FFJC has released a set of policy recommendations to help stem the harms of this ongoing public health and economic crisis. This page also tracks state and local fines and fees reform efforts undertaken in response to coronavirus.
The Martha Wright-Reed Just and Reasonable Communications Act clarifies that the Federal Communications Commission – an agency housed within the Executive branch of the federal government – has the legal authority to stop prison phone companies from charging exorbitant fees to incarcerated people.
This study explores how local and state governments allow corporations to generate profits from public criminal justice institutions and examines how that structure harms people forced to pay for private services.
This report examines two concerning trends: the increasing use of fines and fees to fund the criminal legal system, and functions of that system being outsourced to private companies who profit from the criminal legal system.
To assess racial disparities in police interactions with the public, researchers compiled and analyzed a dataset detailing nearly 100 million municipal and state patrol traffic stops conducted in dozens of jurisdictions across the country.
Petitioner used life insurance proceeds to purchase a Land Rover for $41,558.30. He used the vehicle to transport heroin worth a total of $385. He was arrested and his vehicle was seized. Petitioner argued that the forfeiture was excessive in violation of the Eight Amendment’s excessive fines clause.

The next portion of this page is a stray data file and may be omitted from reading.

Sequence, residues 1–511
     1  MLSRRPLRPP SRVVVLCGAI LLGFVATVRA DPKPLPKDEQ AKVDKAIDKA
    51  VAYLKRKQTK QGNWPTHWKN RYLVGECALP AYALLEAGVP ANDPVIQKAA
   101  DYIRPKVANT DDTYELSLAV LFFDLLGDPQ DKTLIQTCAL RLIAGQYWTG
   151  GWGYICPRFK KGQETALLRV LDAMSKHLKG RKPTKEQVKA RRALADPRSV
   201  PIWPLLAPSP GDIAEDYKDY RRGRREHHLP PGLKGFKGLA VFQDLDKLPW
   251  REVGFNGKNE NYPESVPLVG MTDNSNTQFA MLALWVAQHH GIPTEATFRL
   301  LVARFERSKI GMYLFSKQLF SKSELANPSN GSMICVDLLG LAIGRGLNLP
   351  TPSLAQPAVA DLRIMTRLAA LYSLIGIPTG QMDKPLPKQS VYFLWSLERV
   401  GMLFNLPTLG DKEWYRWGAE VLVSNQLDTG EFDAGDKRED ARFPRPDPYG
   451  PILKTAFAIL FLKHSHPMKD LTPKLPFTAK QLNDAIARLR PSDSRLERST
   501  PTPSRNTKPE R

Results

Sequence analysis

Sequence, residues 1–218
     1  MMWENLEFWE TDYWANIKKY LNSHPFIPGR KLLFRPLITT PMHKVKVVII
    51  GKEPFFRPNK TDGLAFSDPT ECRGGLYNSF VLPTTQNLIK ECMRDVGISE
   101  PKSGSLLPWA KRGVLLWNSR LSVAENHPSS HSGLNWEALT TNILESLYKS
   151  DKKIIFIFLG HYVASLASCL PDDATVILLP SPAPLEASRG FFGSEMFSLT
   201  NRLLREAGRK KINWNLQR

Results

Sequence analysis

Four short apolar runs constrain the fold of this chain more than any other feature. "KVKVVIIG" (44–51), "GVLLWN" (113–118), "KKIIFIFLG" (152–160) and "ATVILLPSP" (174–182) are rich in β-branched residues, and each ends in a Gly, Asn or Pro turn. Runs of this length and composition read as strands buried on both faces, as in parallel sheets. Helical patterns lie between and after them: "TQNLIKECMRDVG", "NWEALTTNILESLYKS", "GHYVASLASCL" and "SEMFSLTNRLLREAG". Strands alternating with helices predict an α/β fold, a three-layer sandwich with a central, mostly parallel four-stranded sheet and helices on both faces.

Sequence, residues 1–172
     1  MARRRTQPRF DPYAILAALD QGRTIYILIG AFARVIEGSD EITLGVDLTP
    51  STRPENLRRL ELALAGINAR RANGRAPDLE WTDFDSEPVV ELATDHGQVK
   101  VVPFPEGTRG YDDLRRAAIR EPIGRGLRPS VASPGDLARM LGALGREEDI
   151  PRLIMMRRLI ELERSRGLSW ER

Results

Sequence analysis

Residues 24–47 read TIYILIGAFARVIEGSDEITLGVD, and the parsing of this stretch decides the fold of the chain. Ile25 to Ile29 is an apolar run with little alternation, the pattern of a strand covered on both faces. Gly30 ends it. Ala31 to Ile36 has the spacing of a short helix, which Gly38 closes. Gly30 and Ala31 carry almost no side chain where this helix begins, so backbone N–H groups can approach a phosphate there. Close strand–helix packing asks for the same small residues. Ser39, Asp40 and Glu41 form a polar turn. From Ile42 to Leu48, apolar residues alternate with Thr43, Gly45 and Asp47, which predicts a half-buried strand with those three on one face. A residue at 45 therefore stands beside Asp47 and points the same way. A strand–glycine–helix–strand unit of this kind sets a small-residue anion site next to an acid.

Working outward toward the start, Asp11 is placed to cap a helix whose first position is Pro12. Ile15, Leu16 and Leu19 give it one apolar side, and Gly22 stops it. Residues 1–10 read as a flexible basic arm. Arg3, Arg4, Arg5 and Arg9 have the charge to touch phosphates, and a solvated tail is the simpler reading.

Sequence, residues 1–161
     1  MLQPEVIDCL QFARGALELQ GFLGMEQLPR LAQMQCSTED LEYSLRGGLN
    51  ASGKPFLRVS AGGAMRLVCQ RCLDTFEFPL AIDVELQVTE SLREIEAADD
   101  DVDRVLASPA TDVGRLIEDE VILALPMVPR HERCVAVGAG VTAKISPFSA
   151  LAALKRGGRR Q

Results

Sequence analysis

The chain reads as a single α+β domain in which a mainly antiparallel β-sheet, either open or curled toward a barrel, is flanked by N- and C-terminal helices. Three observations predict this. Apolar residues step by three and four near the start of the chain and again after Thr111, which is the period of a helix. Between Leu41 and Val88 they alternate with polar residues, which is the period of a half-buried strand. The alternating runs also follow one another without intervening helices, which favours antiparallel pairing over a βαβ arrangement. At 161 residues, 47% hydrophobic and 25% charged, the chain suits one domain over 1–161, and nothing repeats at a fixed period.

This policy brief from the Prison Policy Initiative provides an overview of prison and jail phone call fees and makes several recommendations to reform them.
This law review article argues that fines and fees reformers’ emphasis on instituting ability-to-pay determinations without any reductions in racially discriminatory ticketing may cause more harm than good. In particular, the author articulates a concern that ability-to-pay determinations risk legitimizing the existing system of monetary sanctions and entrenching damages inflicted upon people deemed ‘able to pay.’
The Campaign for Prison Phone Justice maintains a website tracking the cost of phone calls from prisons in all U.S. states as well as the sum of kickbacks that families of incarcerated people have paid to relevant corrections agencies nationwide.
The authors’ completed model predicts that when a local government is experiencing a fiscal crisis, local police departments will increase arrests for “offenses that carry fines or the opportunity to forfeit assets.”